Filed under exile

Slavery & Abolition Research

Slavery & Abolition Research

I have just located the research I carried out as an antidote to the moanathon and misinformation of the celebrations for the Abolition of the Slave trade in Britain in 2007. I thought I had lost all this information but have just located it so  will be including the work on this blog.  At the … Continue reading

William Was Not Alone

William Was Not Alone

William Herschell (1738-1822) is famous for his pioneering astronomy, specifically for his discovery of the planet Uranus and two of its moons. He was born in Hnnover, but when their ruling family became the rulers of Britain, many Germans followed in search of employment. He began as a military musician, and spent much of his … Continue reading

Travelling with St Thomas’s Leg

Travelling with St Thomas’s Leg

Today’s i newspaper had a great story, about a school in Lancashire’s collection which they are trying to make accessible to the public via the Christian Heritage Centre. Ho hum, you may be thinking, but this is Britain’s largest collection of religious relics. In Europe there is still enough Catholicism scattered through communities that the … Continue reading

The Missing Elizabeth

The Missing Elizabeth

Elizabeth of Bohemia, The Winter Queen  (1596-1662), is a character whose name appears  from time to time in my reading but I have just discovered her part of the British royal jigsaw. She was the only child to survive of James I/IV and Anne of Denmark, so her brother was Charles I. On Valentine’s Day, … Continue reading

Conjugating Absence

Conjugating Absence

I have just read a review of a new book on the victims of the Soviet Gulags, in which they conjectured as to why these horrors are so much less known than those of the Jewish Holocaust. The author suggested it was perhaps due to the size of the crimes, but I don’t buy that, … Continue reading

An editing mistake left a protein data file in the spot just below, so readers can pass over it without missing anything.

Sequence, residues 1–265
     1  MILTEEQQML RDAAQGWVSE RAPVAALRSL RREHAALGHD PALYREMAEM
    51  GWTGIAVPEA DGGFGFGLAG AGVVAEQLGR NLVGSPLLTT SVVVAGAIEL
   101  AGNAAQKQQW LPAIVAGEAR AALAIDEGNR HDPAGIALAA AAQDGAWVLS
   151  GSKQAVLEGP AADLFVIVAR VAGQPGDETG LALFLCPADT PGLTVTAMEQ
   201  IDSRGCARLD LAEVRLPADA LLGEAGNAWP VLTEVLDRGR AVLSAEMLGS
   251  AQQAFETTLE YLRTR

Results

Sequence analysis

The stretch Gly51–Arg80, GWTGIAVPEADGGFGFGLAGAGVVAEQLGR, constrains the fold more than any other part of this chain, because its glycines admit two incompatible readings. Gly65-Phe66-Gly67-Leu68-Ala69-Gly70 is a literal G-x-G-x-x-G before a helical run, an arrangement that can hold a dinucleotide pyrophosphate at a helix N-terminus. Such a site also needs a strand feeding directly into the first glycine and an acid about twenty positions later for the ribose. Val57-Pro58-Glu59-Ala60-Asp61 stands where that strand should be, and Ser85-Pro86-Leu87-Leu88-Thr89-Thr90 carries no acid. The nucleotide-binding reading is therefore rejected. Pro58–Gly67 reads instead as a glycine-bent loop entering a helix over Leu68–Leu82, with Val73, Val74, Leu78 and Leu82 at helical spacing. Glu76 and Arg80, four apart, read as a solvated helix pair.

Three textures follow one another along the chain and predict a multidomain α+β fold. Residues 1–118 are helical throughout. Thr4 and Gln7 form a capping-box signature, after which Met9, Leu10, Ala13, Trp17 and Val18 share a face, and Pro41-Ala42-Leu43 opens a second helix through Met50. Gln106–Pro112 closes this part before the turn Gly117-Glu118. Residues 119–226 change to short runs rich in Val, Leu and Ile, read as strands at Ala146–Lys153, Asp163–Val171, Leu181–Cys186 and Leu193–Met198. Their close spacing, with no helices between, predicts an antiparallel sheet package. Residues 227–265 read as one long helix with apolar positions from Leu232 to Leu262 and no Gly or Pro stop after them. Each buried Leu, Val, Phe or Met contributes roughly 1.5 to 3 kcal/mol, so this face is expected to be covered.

Writing Home

Writing Home

John Frost was a political activist, sentenced to death – the last case of high treason – with 3 of his colleagues, for  leading the 3/4 November 1839 uprising in Newport, Wales, but transported to Van Dieman’s Land (now Tasmania) instead. He was expecting a life of immense hardship, with a high probability that he … Continue reading

Songs About Ships and Sailors

Songs About Ships and Sailors

I am interested in the few remaining dangerous professions, hence my  earlier post about coalmining. So here’s another group about ships and the men who sailed them. Shipbuilding was for centuries a huge industry in this country – the harbourside of Bristol was lined with shipyards; timber for them came in from mostly the Baltic. Bark … Continue reading

Crusoe by Choice

Crusoe by Choice

Robert Southey(1774-1843)  was a Romantic poet, colleague of the more famous Wordsworth and Coleridge, and poet laureate from 1813 to his death 30 years later. His brother is less famous but his brother Thomas was a ship’s captain who wrote The Chronological History of the West Indies, published in 1827 from which the following is … Continue reading